Monday, April 09, 2018
A Quiet Place?
I listened to an enjoyable CBC Radio Q interview the other day with John Krasinski. It turns out that John is regularly called Jim by those who can't get past his role on the dearly departed sitcom The Office. He was a Q guest to talk up his new film, a horror/family flick (huh?) called A Quiet Place. It has the poster subheading "if they hear you, they hunt you" Gulp! There are blind creatures out there in the post-apocalyptic world which hunt by sound. This family has survived through a stealth existence, making virtually no sounds, communicating with sign language and even playing padded board games. Emily Blunt plays the mom (Krasinki's real-life wife) and the deaf girl is actually deaf.
I am the world's biggest movie wuss and when I saw the trailer for this film a couple of months ago I immediately figured I wouldn't be seeing it --the rumour that I covered my eyes is false and defamatory. It is an intriguing concept though.
In the interview Krasinski admitted that he can't watch horror movies but the notion of being in a film with virtually no dialogue hooked him. He doesn't much like the noise of action films either, so the challenge of this story was a good fit. It's fascinating that reviewers note that when they've seen the film the theatres are so quiet that they could hear a popcorn kernel drop. Silence, and creepy monsters, beget silence.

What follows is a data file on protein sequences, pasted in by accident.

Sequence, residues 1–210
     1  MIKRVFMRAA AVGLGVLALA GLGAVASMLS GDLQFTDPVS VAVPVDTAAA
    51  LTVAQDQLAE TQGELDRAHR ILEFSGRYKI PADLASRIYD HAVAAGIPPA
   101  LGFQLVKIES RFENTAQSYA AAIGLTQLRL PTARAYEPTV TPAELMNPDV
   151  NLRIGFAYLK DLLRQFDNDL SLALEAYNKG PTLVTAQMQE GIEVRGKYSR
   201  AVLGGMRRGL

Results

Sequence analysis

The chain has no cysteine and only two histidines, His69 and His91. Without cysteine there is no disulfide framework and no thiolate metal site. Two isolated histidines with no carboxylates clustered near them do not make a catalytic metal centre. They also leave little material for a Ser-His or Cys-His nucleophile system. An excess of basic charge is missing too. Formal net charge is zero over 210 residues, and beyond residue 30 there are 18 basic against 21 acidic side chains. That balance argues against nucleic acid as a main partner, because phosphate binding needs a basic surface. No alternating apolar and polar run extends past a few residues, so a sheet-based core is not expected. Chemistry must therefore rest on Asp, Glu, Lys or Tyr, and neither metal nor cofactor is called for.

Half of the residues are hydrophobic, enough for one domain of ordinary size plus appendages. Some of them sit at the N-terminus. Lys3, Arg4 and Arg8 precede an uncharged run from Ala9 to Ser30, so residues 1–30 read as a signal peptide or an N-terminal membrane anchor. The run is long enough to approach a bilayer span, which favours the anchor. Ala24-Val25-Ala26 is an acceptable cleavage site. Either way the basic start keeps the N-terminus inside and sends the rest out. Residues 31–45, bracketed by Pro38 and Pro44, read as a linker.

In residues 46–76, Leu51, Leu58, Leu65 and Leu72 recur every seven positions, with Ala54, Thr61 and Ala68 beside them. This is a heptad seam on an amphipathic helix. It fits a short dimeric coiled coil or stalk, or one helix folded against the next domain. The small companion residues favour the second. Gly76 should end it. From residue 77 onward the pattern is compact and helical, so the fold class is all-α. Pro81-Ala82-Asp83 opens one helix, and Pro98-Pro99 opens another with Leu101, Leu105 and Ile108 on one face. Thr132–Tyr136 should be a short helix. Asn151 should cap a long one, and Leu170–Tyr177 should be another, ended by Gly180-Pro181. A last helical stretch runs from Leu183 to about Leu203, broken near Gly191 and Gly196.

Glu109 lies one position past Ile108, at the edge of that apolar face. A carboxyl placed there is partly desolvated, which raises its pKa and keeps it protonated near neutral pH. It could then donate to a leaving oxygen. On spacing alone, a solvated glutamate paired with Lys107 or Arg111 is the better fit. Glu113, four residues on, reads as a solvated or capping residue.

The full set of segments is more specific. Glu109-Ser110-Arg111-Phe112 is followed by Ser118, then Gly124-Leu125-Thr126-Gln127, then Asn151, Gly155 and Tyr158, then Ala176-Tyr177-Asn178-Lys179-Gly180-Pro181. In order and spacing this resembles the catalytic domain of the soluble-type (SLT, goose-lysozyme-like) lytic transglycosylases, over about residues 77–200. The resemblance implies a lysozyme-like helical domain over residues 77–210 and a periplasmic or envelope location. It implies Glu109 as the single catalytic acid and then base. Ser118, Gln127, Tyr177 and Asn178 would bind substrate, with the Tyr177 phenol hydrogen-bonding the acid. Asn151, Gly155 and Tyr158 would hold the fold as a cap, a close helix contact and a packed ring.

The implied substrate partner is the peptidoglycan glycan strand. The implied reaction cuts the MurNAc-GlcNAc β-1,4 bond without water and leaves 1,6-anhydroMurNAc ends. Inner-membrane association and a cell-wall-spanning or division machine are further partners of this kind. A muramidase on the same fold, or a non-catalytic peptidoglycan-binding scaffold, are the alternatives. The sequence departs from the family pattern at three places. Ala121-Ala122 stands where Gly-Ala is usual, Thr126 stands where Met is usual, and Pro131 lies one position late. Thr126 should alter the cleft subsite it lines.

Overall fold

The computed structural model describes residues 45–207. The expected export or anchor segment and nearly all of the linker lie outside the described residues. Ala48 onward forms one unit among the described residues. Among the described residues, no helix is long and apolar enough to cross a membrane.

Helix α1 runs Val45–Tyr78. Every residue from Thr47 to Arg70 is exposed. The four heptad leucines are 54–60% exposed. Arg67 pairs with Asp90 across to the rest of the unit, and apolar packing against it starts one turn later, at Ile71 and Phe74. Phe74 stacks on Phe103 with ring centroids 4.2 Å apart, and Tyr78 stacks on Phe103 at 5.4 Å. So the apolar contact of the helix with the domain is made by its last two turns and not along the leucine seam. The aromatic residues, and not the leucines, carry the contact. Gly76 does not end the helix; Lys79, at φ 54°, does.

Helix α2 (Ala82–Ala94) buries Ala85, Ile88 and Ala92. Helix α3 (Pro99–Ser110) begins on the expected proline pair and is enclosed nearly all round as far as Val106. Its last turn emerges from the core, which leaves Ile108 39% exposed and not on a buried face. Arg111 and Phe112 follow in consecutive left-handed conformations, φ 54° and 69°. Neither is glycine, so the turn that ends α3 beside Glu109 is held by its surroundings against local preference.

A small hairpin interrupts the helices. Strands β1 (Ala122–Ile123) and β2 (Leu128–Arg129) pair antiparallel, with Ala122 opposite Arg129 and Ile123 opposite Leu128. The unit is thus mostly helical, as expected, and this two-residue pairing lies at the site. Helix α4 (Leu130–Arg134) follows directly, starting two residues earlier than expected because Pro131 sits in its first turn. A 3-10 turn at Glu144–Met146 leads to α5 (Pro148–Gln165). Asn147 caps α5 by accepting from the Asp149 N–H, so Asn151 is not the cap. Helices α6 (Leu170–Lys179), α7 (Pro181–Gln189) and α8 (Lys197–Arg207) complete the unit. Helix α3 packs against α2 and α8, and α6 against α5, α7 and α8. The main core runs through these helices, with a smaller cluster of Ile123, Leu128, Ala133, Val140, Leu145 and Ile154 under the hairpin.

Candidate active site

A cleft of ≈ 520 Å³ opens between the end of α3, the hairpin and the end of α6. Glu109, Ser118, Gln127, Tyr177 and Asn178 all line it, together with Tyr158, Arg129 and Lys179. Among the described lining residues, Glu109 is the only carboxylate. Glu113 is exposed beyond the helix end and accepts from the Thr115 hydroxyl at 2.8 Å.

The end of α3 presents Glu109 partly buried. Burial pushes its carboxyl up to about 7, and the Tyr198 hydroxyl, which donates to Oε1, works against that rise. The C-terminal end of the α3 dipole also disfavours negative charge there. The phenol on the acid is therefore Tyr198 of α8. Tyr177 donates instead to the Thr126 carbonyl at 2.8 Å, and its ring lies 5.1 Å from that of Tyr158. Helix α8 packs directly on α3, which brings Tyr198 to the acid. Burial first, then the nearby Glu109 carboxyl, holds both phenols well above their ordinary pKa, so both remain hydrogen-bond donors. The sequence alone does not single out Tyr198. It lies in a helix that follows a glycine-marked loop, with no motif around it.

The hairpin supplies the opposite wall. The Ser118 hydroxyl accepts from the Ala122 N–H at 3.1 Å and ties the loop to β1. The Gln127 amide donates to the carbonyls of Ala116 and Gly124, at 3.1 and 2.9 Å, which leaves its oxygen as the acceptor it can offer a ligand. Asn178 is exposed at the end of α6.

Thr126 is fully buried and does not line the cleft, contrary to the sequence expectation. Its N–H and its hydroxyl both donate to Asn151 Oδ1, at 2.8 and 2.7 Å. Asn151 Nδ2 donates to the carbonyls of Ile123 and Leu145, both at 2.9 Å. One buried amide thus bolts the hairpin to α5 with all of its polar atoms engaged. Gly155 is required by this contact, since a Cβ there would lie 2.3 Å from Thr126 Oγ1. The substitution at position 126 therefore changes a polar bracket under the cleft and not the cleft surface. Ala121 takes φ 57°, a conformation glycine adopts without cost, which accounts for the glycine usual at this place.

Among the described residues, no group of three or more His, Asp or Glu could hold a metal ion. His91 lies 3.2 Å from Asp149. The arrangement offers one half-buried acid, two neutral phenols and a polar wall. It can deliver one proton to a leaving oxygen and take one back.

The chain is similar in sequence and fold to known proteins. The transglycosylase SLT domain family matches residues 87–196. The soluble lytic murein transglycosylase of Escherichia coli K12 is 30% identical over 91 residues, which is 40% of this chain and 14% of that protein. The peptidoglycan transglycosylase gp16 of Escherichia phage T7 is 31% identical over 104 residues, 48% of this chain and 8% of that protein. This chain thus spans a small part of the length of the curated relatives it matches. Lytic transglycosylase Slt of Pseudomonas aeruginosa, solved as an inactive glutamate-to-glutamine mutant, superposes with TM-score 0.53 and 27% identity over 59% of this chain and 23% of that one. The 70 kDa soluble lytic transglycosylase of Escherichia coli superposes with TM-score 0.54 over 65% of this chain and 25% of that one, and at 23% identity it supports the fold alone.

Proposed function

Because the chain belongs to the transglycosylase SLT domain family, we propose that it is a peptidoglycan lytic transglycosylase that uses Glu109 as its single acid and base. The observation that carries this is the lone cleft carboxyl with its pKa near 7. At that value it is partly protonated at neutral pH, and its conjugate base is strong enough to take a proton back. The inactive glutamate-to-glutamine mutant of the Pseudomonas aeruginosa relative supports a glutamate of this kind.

Ghost Ranch New Mexico Casa del Sol
I've had experiences of silence, as many of you know. A week in the Silence House at Taize, the Christian community in France. Silent retreats with Anglican nuns and Cistercian monks. Relative solitude in the desert of New Mexico. Days of intentional silence at cottages. For the most part I reveled in the quiet, although there were moments when it was overwhelming.
I also know about enforced silence. While working as a chaplain intern years ago at Kingston Pen I was assigned to visit inmates in solitary confinement. This form of punishment drove some men mad, and there is an increasing call to ban solitary as a violation of human rights.
Oh yes, we've also spent limited time in sensory deprivation rooms at Nordic spas in Quebec, but again, that was our choice.
I wonder what deeper message we can explore in A Quiet Place. What do we learn in silence and solitude and how can a gift become a prison sentence? What are the omnipresent monsters of our noisy culture? Do we have a spiritual hearing impairment because the voice of God is being drowned out?
Maybe I should suck it up and see the film.
Silence House Taize France